The Ride – Part 2:
Back in Vietnam, I try to figure out a good way to Plieku. There is an obvious choice, but, full of vinegar from the less-than-lawful border hopping, I choose a ‘road’ that that looks to be going roughly northeast.
It turns out to be a timber road. The kind of road only navigated by the kind of heavy equipment specifically designed for it. You know…..earthmovers and big cranes with arms and claws on them capable of moving five massive trees in one grab.
This is the worst goat track I’ve ever imagined. Some of the potholes are two meters deep. I am only thankful at this point that it’s not raining and the ruts have, for better or worse, hardened.
At one point the bike slides sideways into a pothole….a head-high pothole. The slide bends my footpeg almost straight up, to the point where I nearly can’t shift the bike anymore. For the rest of the day, it requires me to stand up and slam my foot down as hard as I can on the shift lever to change gears. But I did keep the bike upright.
This truly is the worst ‘road’ I’ve ever seen.
Then I go up and over a mountain. The same shit roads up and down at a 15% grade or more.
As sunset is approaching I realize that I’ve only 5kms or so to get to a town….hopefully there’s a place I can crash for the night there. Else, I am in my hammock on the mountain (and that’d be ok too).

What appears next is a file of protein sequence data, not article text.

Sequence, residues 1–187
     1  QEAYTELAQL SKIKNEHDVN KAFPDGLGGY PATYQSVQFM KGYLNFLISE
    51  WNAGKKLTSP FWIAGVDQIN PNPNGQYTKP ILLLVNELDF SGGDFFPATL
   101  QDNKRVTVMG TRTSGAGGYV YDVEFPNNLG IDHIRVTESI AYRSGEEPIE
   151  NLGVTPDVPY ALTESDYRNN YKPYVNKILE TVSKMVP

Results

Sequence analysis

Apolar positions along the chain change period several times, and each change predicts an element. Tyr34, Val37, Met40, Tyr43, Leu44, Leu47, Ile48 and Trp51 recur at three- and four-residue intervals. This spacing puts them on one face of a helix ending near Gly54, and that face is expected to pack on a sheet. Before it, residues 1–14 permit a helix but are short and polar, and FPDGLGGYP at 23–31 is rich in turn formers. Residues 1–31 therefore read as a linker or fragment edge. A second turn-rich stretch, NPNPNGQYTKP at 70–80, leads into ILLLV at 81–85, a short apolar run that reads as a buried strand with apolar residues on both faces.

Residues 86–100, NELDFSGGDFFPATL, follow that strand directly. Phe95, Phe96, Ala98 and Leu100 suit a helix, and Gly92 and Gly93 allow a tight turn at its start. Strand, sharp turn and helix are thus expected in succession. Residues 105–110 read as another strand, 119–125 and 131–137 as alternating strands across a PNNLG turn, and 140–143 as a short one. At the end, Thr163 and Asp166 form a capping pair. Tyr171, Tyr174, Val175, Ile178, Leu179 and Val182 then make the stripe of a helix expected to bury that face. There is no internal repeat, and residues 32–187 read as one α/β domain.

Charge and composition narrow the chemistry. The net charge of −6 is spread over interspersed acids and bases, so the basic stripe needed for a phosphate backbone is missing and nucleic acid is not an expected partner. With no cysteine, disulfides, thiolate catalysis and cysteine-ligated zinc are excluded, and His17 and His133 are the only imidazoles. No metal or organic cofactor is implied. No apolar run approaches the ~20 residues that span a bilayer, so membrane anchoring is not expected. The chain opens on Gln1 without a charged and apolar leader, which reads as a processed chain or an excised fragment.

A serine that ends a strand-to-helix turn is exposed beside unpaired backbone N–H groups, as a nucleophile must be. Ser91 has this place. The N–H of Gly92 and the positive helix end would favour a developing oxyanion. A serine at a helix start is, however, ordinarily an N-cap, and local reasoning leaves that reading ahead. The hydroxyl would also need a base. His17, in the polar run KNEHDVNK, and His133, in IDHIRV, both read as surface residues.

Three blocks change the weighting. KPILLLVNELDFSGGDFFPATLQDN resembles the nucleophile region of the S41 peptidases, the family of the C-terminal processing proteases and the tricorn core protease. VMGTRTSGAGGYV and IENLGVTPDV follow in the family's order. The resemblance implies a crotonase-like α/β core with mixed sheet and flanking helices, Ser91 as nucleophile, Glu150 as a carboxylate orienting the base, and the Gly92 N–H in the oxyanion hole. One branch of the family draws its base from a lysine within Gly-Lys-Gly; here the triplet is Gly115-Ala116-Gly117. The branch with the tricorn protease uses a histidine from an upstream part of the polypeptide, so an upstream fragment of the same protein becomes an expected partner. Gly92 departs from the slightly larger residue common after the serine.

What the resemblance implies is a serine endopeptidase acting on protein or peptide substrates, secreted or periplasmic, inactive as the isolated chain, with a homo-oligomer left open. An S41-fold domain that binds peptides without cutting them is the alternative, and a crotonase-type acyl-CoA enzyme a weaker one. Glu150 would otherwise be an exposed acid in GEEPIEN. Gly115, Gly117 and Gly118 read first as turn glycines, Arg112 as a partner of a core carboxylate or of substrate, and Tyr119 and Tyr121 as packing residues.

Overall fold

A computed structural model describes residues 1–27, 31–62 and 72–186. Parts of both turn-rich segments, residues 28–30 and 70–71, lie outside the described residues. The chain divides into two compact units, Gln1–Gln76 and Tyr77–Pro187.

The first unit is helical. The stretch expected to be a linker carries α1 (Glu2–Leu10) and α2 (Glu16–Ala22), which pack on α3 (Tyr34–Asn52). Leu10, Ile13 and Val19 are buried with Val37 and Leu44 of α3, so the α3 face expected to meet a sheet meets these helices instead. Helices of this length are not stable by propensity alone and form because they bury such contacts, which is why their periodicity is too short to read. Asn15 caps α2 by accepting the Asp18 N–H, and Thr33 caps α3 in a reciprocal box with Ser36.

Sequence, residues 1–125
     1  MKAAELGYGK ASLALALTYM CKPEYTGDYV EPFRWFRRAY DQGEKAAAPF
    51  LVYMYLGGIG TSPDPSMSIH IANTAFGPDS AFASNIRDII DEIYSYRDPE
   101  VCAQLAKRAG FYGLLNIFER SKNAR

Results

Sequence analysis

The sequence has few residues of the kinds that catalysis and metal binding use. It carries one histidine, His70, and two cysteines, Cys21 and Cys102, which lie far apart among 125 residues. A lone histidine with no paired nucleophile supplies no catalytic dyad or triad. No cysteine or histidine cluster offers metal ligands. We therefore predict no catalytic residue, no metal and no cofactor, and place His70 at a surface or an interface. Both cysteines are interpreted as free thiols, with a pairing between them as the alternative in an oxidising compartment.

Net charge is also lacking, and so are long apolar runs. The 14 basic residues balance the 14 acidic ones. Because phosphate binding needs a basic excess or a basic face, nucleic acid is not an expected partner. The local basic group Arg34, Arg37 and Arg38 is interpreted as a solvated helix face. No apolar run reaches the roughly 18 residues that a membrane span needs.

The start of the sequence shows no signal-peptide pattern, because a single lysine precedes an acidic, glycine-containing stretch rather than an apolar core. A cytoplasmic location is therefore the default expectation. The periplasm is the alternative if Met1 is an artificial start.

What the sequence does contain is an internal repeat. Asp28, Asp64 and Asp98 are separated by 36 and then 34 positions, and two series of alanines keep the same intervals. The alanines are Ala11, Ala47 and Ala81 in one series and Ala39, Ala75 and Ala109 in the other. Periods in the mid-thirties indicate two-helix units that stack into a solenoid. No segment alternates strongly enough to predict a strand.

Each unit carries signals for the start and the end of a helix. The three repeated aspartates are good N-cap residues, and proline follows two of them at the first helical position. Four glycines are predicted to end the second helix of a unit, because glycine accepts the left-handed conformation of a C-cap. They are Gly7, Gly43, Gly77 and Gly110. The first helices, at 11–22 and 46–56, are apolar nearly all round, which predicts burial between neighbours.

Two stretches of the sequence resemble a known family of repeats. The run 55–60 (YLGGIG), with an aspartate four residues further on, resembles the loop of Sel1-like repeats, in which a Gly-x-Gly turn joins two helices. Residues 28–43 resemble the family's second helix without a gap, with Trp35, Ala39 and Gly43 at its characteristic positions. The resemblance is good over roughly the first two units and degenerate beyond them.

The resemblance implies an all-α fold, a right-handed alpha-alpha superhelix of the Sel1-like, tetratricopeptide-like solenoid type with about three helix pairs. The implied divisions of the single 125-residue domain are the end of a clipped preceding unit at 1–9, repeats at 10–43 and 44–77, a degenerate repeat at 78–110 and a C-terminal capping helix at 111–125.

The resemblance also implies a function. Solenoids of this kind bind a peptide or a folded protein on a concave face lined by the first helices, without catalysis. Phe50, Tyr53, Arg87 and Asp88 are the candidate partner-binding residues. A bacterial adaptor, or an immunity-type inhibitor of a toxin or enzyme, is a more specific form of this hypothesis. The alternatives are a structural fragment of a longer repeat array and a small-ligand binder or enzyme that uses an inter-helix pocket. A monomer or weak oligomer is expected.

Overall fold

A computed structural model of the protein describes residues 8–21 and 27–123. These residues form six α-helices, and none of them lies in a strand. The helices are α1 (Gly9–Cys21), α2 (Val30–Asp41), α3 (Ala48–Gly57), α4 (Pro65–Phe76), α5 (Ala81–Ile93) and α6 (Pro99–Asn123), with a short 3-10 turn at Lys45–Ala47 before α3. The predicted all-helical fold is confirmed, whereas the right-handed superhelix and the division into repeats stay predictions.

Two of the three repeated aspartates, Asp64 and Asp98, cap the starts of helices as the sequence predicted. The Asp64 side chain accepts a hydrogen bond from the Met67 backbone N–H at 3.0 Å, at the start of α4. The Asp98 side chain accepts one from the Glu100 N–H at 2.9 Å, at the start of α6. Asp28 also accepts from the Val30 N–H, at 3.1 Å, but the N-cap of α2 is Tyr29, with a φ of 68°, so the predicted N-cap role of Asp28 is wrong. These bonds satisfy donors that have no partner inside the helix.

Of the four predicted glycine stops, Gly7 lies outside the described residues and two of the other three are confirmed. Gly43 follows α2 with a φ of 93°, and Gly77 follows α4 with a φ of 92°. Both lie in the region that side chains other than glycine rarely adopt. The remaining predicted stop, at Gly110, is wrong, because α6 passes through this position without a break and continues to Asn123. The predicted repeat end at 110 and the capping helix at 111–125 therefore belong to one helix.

As I enter town, I stop to get some gas. I ask the attendant for a “khach san” (hotel) and he indicates there is a hotel 10km away. I set off; thankfully before I’ve gone even 1km, I stop to look at the map and get my bearings. And then I hear the hiss.
It’s an aggressive release of air, so much so that I can easily hear it from atop the bike and over the sound of the engine. I get off and sure enough, I am losing air in the back tire. How the hell did this happen? I’ve just spent eight hours on the worst roads the continent can throw at me with no problems; but in the paved one kilometer from the gas station, I get a puncture.
The rate of air loss means I will certainly not make it 10kms, so I turn around. I didn’t make it half way back to the gas station. I had to push the bike. I asked where I can get repair. Apparently, I’d just passed a place about half a kilometer back (basically where I’d developed the flat). So I push the bike back there.
click below for next page